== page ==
In West Park, Florida, there is a process through which a person can challenge the validity of a will. This is known as a "contested will" or "will contest."
Occasionally, testators leave out of their wills people who might naturally expect to inherit a significant portion of the testator's estate (spouses and children, for instance). This might lead them to assume, truthfully or not, that the will was some kind of mistake.
If a large amount of money is involved, someone who was left out of a will, or not given what they were expecting, might believe that contesting the will is worth the time, money, and energy that doing so would require.
You should remember that a will contest often results in adversarial legal proceedings, which can be very combative. Considering the likelihood that other members of your family might be on the other side, it's clear that this can really damage a person's relationship with his or her family.
When Can a Will be Contested in West Park, Florida?
A court in West Park, Florida will not entertain a will contest unless there is a very good reason to do so. But, there are some allegations which, if shown, clearly invalidate a will.
For instance, if the will was obtained through duress (threat of some kind of harm), then it is invalid. Duress, however, is difficult to prove. If a named beneficiary was in some position of power or trust with the decedent, and is not someone who one would ordinarily expect to get a large gift in a will, that might raise significant initial suspicion of something improper happening. Of course, those facts alone are not nearly enough to prove duress.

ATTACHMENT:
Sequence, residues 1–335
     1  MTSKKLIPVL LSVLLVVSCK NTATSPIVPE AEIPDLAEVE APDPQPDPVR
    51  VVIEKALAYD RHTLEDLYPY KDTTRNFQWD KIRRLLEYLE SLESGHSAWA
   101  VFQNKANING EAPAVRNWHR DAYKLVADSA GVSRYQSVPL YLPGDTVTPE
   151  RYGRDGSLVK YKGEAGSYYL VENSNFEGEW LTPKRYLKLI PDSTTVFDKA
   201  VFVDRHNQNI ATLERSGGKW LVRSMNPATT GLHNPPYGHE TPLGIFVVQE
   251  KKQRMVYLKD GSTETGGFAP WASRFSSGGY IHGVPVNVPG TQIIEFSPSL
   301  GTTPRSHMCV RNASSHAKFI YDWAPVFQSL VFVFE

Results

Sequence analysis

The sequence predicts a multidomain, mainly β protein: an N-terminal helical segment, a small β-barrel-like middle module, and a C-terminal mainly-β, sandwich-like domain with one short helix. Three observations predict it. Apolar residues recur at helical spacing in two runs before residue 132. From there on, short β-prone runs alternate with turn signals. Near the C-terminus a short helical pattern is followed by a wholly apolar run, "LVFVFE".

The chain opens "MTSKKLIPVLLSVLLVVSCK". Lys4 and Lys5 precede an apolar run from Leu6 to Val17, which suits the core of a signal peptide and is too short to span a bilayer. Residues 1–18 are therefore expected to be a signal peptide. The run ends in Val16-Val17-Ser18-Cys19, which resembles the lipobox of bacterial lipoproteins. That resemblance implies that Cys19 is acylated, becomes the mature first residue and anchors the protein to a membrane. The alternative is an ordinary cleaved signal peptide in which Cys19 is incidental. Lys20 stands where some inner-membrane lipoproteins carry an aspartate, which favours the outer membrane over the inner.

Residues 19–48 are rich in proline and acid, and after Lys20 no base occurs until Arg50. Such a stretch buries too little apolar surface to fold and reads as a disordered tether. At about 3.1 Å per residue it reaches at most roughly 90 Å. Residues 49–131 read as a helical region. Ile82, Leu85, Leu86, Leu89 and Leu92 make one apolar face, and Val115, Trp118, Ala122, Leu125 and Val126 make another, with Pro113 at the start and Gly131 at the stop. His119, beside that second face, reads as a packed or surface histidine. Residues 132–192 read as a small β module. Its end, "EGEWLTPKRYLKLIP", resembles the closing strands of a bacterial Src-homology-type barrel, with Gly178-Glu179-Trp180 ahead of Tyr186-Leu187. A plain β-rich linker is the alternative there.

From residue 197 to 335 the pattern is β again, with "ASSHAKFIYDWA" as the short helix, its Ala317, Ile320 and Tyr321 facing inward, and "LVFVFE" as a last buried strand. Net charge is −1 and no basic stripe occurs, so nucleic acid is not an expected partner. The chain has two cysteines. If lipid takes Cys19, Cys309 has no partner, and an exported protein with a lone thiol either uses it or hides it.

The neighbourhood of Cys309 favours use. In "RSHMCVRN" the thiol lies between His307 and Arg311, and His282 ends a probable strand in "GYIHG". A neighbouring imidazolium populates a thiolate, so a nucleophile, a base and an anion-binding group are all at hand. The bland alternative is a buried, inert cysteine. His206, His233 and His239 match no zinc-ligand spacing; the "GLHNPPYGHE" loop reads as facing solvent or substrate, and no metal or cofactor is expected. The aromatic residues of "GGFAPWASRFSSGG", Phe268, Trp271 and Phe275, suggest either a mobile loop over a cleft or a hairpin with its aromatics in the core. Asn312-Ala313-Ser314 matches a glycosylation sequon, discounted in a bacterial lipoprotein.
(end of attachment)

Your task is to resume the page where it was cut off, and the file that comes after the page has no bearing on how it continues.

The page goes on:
Because a testator must know what they are doing in order to write a valid will, the testator must be of sound mind at the time the will is made. Essentially, if a person is unaware of what they're doing, and the consequences of their actions, they can't make a legitimate will. This can be due to mental illness, or intoxication. Of course, if it's a result of intoxication, the testator can simply sober up and then make a perfectly valid will.
If the contest is successful, a court in West Park, Florida might find the will or part of it invalid. Of course, that leaves the question of how to distribute the property in the absence of a valid will. All states have laws that address this situation, usually passing the property to the decedent's closest living kin. All states have laws governing the order in which property is passed on in this manner. Typically, it goes to the spouse first. If there is no living spouse, it goes to the children. If there are no children, it goes to the decedent's parents, and so on. Most laws on this subject are written in such a way that almost everyone will have at least one relative entitled to inherit, even if that person is very distantly related to the decedent. In the very rare case where no living relatives exist, or none can be found, the decedent's assets usually go to the state.
Can a West Park, Florida Contested Will Attorney Help?
Contesting a will is never particularly easy or enjoyable. However, a reputable West Park, Florida attorney can help take some of the burden off of you, and handle some of the most difficult aspects of this process.